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Resveratrol as a Cautionary Tale

For those who haven't yet got the message, the article linked here points out just how little came of resveratrol as a drug candidate and sirtuin research as a whole from the past decade. Resveratrol and the study of sirtuins were hyped up at the time, as I'm sure many of you recall, and yet nothing came of it beyond a little more knowledge of cellular metabolism. Sirtuins do not have any meaningful influence on aging from the perspective of producing therapies and neither does resveratrol. The hype resulted from a confluence of the tendency for venture investment to talk up a position (in the company Sirtris, acquired for more than $700 million in the end, money written off by the acquirer since nothing of practical use ever came from it), and the "anti-aging" marketplace finding yet another set of potions its members could market to the gullible. A lot of resveratrol was sold, and many people who really should have known better bought some.

Whenever a new drug candidate emerges with claims that it allegedly slightly slows the aging process, the first thing you should think of is resveratrol, and be wary of hype driven by the profit motive. Resveratrol was just the latest in a line of hyped products allegedly providing benefits to health in aging, and in fact doing nothing of any significance other than helping some people to find profits. Mining the natural world for compounds that can alter the operation of metabolism has shown itself incapable of reliably producing results that matter when it comes to aging: decades of work on this and nothing to show for it but the continued ability to sell useless products to people who hope for something that works.

There is only one useful road ahead here when it comes to aging and health. It is the construction of new biotechnologies that deliberately and usefully repair the cellular damage that causes aging. Don't alter metabolism, instead fix it by removing the dysfunction that causes it to run awry in a careful, targeted way. The future is clearance of damaged cells, gene therapies to repair mitochondrial DNA, manufactured enzymes that break down specific forms of persistent metabolic waste, and so on - a world away from screening random compounds from plants in the hope that they will do more good than harm.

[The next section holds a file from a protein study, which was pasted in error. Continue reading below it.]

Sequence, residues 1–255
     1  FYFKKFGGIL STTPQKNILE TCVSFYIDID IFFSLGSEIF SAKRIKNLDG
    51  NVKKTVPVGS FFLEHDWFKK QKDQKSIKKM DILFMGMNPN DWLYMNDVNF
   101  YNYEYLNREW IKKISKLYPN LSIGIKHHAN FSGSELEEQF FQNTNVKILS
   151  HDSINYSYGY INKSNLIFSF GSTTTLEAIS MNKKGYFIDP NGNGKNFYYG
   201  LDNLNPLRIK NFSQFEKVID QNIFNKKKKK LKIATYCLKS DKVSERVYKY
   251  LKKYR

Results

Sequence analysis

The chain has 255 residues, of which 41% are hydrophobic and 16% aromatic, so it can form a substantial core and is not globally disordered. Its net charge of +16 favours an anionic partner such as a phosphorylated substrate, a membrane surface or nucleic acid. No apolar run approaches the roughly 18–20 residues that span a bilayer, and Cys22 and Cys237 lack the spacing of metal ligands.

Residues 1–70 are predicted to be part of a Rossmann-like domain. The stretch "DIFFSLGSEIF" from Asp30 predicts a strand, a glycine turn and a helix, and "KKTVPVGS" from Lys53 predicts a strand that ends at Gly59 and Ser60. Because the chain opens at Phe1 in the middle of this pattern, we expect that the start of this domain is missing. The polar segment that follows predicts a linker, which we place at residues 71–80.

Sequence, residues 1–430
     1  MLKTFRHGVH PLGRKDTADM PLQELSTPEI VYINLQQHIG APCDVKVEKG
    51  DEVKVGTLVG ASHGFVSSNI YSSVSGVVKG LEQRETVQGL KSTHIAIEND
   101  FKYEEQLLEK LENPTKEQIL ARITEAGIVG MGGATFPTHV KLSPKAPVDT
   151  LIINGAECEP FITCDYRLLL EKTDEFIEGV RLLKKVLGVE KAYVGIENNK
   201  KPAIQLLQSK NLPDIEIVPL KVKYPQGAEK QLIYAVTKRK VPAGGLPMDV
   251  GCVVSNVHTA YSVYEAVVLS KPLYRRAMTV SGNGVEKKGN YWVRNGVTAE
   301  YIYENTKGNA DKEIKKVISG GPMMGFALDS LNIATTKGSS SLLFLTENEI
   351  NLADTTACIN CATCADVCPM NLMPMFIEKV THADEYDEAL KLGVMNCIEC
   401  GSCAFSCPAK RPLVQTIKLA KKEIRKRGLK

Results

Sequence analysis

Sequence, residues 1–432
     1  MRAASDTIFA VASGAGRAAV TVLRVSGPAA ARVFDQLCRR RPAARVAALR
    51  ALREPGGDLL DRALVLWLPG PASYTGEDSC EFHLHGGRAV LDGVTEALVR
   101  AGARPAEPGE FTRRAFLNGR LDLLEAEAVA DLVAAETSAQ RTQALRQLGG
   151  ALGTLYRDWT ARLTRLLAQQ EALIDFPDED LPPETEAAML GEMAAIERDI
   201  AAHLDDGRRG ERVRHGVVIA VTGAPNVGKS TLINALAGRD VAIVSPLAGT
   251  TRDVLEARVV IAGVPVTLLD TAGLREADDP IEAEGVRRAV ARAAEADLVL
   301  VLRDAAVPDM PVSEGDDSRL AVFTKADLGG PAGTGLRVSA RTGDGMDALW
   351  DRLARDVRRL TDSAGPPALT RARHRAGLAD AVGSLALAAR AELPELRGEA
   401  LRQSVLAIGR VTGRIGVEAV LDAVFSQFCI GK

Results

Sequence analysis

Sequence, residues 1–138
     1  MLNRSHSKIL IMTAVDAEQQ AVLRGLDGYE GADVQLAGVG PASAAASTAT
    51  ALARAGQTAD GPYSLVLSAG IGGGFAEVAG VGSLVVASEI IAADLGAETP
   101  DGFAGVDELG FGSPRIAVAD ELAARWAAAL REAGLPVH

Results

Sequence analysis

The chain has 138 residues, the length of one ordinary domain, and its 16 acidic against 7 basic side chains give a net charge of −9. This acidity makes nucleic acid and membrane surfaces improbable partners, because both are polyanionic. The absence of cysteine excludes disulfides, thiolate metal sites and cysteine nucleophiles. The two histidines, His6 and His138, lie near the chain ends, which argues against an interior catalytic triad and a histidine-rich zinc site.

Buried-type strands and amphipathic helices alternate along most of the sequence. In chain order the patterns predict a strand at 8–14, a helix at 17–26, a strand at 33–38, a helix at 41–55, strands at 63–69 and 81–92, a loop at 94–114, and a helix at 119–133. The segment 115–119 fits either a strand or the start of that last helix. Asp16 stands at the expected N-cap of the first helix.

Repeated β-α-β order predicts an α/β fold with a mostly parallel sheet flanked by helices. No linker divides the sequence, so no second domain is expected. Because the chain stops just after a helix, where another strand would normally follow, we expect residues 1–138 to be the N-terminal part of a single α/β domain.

Resveratrol is a compound that gained a lot of notoriety in the mid-2000's as sort of a multipurpose pro-health molecule. In its heyday, it spawned companies and a plethora of enthusiastic articles that recommended binging on resveratrol-containing foods as an all-purpose health enhancement. Interest has since waned on this compound, but it's worth revisiting the story to see how an exciting, trendy scientific discovery can lose steam when scientists better understand its limitations. A first hint of Resveratrol's pro-health effects came in 2003 out of the lab of David Sinclair, a young investigator at Harvard. Sinclair's lab found that resveratrol could extend lifespan in yeast. The extension was thought to be dependent on the protein Sir2, the founding member of a family of related proteins called sirtuins. The idea that small molecules could be used to extend healthspan was gaining excitement and attracting funding. A year later, Sirtris went public, eventually being bought up by pharma giant GlaxoSmithKline. The resveratrol supplement industry grew.

However, later reports led to questioning resveratrol's benefits. Work out of the lab of Linda Partridge, a well-respected Drosophila researcher, was unable to reproduce earlier findings of lifespan extension in Drosophila and produced only variable effects in C. elegans. There has also been a broader controversy over the role of resveratrol's reported target SIRT1. A major stain on the field came in 2012, when resveratrol researcher Dipak Das was fired from UConn for allegedly committing 145 instances of scientific fraud including "fabrication and falsification of data". Much of Das' work formed the basis for supposed cardioprotective benefits of resveratrol. As a result, resveratrol's efficacy for this application is now in serious doubt.

But even before the Das controversy, there were indications that people in the know had cooled on resveratrol related formulations as therapeutics, possibly due to inherent limitations with the compound. One of the co-founders of Sirtris left the company in 2011, and GlaxoSmithKline eventually shut down Sirtris and folded it into its broader business. This diminished industry interest in resveratrol may stem from two unfortunate issues: 1) research suggesting resveratrol does not act via SIRT1 makes it difficult to develop resveratrol into a drug; and 2) resveratrol is rapidly degraded by the liver after ingestion, making it naturally a poor drug. The first is an even bigger problem than it seems because FDA approval of new drugs requires knowing their mechanism of action. The second is a problem because it means it's difficult to increase the levels of resveratrol in the body by taking a pill, and medicines usually need to be administered by pill for average patients to be able to use them.